Photonic doping of epsilon-near-zero media

See allHide authors and affiliations

Science  10 Mar 2017:
Vol. 355, Issue 6329, pp. 1058-1062
DOI: 10.1126/science.aal2672

You are currently viewing the abstract.

View Full Text

Doped photonics

Doping semiconductor materials with impurity atoms enables control of the optoelectronic properties that enhance functionality. Liberal et al. describe numerically and experimentally an analogous doping effect for a group of photonic materials. They introduced a dielectric into an otherwise nonmagnetic material, which produced a magnetic response. The generality of the method should allow the design of photonic materials with enhanced and controlled electromagnetic response.

Science, this issue p. 1058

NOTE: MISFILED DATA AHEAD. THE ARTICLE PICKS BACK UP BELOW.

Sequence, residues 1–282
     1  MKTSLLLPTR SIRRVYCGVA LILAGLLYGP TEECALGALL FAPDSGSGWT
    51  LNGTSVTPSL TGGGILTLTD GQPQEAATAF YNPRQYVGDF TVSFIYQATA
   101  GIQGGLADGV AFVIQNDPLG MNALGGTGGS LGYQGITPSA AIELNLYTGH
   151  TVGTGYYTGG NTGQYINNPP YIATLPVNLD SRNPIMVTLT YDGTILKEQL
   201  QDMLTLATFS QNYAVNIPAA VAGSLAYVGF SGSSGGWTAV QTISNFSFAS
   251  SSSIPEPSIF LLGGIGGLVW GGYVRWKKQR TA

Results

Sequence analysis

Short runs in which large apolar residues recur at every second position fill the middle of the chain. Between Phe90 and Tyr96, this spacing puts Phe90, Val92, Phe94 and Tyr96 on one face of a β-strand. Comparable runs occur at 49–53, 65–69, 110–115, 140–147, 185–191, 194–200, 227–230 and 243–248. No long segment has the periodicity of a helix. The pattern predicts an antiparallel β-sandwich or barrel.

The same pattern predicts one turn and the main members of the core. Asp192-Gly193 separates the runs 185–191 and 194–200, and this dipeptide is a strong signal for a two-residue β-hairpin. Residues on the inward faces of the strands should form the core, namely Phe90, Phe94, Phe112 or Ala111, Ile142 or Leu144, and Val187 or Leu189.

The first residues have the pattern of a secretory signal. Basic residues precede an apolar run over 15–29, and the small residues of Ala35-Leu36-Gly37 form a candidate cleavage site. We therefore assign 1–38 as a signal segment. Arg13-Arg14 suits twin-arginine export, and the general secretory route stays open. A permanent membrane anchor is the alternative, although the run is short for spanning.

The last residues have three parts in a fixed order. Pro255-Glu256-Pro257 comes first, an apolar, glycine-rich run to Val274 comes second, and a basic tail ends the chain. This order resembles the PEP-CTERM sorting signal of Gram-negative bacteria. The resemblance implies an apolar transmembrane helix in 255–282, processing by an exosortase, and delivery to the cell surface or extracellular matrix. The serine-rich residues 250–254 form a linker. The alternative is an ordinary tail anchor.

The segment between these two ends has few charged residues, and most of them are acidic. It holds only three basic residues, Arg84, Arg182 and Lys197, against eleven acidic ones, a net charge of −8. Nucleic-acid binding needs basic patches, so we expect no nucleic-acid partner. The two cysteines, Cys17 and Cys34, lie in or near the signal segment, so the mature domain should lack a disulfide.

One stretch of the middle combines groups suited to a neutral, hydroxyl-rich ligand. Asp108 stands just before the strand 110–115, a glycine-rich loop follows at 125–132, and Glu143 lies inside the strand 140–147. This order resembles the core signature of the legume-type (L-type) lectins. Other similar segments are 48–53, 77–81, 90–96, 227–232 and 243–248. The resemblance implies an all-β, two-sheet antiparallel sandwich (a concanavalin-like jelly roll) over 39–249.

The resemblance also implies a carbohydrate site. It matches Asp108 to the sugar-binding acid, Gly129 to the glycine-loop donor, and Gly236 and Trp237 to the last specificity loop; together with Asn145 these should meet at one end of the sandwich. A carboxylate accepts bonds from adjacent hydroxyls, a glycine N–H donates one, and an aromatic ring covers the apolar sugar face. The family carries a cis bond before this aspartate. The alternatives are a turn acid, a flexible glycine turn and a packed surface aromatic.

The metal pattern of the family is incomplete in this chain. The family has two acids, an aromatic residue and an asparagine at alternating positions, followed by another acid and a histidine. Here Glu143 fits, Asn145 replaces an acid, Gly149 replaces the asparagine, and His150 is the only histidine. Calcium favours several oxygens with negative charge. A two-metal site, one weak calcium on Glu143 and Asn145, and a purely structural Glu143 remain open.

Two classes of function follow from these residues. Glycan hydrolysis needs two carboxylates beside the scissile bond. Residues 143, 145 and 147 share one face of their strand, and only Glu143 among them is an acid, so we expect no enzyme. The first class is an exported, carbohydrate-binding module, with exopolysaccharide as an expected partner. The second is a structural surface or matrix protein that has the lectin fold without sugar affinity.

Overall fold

Doping a semiconductor with foreign atoms enables the control of its electrical and optical properties. We transplant the concept of doping to macroscopic photonics, demonstrating that two-dimensional dielectric particles immersed in a two-dimensional epsilon-near-zero medium act as dopants that modify the medium’s effective permeability while keeping its effective permittivity near zero, independently of their positions within the host. The response of a large body can be tuned with a single impurity, including cases such as engineering perfect magnetic conductor and epsilon-and-mu-near-zero media with nonmagnetic constituents. This effect is experimentally demonstrated at microwave frequencies via the observation of geometry-independent tunneling. This methodology might provide a new pathway for engineering electromagnetic metamaterials and reconfigurable optical systems.

View Full Text